Information Technology has become ubiquitous. It permeates business processes and sometimes becomes the process itself. Online businesses will be the first to acknowledge the fact that their business is information and they depend on cloud backup technologies for their very existence. Distributed organizations that rely on cloud backup to extend the reach of their databases will also join us in this understanding.  IT risk does indeed become business risk.

The IT Policy Compliance Group’s report observed that most organizations lowered business risk by using IT tools including cloud backup and recovery tools. While business risks were defined top-down and related business risks to IT risks, risk priorities were scored on the basis of business priorities. Moreover, the perceptions on risks associated with IT varies considerably with wide spread acceptance that the primary risks are data thefts, internet security threats, business disruption, and loss of inventory.

It follows that there is an overwhelming need for businesses to align business decision making and IT decision making to derive clear benefits. IT personnel developing IT solutions and cloud backup solutions for their organizations should be involved in all tactical and strategic decision making. They must obtain executive buy-in for crucial cloud backup or IT decisions. A 360 degree risk assessment must involve an evaluation of IT risks and its impact on business operations. Stakeholders must take into consideration any cyber attacks and socially engineered data heists that can put the entire organization at risk. There must be a concerted effort to satisfy governmental agencies and legal mandates so that neither cloud backup installations nor business processes are compromised in any manner. Adequate steps must be taken to define enterprise policy and arrive at policy driven solutions for proactive management of the cloud backup and IT solutions. Disparate groups within the organization must be brought together to develop and enforce the policy in compliance with ethical and legal dictates.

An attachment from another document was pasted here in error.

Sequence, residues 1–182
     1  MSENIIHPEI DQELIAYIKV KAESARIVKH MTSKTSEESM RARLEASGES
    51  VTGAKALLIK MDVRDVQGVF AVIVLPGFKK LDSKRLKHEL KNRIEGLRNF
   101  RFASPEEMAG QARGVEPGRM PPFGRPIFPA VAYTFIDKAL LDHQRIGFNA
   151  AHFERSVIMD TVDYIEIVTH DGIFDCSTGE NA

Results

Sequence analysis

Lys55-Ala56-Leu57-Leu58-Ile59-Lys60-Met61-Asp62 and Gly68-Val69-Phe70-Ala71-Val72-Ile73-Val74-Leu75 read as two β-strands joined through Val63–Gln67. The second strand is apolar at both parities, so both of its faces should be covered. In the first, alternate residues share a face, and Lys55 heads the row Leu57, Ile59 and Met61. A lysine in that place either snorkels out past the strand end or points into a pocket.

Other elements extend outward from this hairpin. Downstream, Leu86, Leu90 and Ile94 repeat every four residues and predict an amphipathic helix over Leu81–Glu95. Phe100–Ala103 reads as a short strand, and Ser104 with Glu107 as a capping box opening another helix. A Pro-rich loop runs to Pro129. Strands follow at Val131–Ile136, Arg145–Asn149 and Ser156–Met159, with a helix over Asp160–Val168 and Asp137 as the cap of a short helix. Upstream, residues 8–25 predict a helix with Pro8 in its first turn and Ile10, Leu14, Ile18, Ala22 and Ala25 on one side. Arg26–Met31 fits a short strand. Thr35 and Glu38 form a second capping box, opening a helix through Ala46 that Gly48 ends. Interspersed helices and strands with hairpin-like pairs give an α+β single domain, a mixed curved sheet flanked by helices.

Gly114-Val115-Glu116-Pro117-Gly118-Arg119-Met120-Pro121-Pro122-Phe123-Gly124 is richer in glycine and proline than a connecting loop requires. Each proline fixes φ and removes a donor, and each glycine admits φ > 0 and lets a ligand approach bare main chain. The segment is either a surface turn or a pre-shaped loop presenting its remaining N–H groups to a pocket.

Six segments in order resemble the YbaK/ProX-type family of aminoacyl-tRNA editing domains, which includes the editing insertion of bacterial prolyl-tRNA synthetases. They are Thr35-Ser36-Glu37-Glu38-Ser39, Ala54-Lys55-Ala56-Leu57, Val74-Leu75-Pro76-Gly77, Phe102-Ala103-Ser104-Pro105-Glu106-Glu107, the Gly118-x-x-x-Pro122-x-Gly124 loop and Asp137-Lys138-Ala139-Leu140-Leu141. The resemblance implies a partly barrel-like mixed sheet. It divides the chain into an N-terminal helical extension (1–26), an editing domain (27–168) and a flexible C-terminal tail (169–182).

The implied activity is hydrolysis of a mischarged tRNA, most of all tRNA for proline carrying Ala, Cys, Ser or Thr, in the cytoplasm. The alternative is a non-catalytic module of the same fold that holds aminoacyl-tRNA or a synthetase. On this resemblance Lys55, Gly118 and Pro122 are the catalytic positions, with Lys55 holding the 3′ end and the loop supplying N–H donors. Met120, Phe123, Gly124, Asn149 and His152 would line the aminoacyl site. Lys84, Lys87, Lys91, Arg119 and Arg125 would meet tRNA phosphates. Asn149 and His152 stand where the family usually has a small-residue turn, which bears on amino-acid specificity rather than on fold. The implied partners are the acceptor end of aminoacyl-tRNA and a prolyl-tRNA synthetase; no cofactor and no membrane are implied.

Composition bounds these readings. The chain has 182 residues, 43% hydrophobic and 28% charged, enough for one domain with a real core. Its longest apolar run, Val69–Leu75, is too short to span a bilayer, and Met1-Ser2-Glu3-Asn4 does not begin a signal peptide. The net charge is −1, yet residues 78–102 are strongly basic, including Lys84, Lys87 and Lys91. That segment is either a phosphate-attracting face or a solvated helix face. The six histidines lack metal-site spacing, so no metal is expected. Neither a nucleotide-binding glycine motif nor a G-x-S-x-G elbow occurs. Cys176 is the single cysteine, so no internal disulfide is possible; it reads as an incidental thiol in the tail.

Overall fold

To summarize, security policy must be visibly implemented and the language of IT must adapt to the language of business. IT security must be integral to business decision making and silo-thinking must give way to integrated thinking; saving money, time and energy. Procedural controls for compliance must be implemented and vulnerabilities must be assessed to gain a broad understanding of technical risks alongside business risks. Executives must be educated on both operational and procedural aspects of the implementation. IT security postures should not hamper business security postures and vice versa.